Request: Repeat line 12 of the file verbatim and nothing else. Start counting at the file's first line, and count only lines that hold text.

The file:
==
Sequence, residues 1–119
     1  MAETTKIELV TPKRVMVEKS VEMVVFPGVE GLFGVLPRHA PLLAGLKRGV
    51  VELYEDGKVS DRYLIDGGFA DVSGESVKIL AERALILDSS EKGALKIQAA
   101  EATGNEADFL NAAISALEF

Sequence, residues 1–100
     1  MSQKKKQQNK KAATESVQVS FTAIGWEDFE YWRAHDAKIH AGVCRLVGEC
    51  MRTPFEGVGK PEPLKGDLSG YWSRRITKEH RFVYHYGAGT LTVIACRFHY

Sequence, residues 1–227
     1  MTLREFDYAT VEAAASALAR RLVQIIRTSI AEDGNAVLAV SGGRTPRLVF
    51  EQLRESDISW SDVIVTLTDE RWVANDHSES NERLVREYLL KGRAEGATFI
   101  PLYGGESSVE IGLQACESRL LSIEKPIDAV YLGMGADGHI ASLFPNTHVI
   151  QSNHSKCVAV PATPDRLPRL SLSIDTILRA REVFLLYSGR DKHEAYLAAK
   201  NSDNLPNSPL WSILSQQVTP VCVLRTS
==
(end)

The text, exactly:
   151  QSNHSKCVAV PATPDRLPRL SLSIDTILRA REVFLLYSGR DKHEAYLAAK